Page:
The pregnancy issue: Don’t ask. Don’t tell
Published: April 22, 2022
Not knowing the law is dangerous
She applied for a university position and was immediately invited to a job interview. During the interview, the professor asked some general questions but was at least equally interested in her private life. She limited her answers to job-relevant information and did not mention her pregnancy.
Several days later she received an email from the professor. “I am pleased to offer you the position. When can you start?” She didn’t hesitate long and picked up her phone: “I am very happy about your job offer, but I want to let you know at this point that I am pregnant. Still, I have …” “I’m sorry, I can no longer offer you the position under these circumstances,” he interrupted her, and added: “But I don’t blame you.” She didn’t want to give up that easily and insisted: “But isn’t there a way we can figure this out?” To which he replied: “Well, you can always look for new positions on the departmental website.” And that was the end of the conversation.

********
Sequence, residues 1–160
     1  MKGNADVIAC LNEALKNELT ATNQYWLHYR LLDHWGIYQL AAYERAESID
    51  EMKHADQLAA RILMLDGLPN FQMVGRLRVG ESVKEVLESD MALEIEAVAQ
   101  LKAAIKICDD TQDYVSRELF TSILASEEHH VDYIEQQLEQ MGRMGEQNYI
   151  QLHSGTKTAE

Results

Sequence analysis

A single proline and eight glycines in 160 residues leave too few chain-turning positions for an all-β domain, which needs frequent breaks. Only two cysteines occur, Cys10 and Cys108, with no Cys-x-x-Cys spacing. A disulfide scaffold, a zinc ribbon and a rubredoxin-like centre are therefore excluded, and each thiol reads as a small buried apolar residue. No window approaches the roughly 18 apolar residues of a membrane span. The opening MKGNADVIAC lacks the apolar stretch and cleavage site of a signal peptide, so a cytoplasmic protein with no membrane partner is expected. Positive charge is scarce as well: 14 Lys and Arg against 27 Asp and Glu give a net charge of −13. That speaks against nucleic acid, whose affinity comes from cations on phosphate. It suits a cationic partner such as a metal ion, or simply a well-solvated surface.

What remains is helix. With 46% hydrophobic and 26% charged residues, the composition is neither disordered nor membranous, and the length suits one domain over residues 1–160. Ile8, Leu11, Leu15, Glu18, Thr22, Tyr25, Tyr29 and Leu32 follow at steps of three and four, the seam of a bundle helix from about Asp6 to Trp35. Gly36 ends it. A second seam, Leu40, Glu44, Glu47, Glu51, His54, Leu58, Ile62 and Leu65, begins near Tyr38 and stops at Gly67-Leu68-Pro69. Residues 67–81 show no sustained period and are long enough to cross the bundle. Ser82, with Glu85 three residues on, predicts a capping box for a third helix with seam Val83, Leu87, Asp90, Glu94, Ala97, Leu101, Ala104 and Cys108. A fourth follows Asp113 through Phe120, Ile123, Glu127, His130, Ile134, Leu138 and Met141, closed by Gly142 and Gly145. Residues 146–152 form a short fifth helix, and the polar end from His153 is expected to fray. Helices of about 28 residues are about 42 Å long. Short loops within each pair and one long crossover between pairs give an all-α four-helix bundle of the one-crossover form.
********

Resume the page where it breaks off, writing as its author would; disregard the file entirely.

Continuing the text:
That professor lacked a fundamental knowledge of labour law. Not knowing the law pertaining to the hiring of and collaboration with employees as a group leader, however, is dangerous. Otherwise, your research might easily be put on hold because you are asked to appear in court.
The professor got lucky as the applicant had other plans than filing a suit. Still, that suit would have had good chances of success since the Maternal Protection Law (German: Mutterschutzgesetz) and equality laws (German: Allgemeines Gleichbehandlungsgesetz) are unambiguous here. A happy boss would probably not have been part of the settlement, though.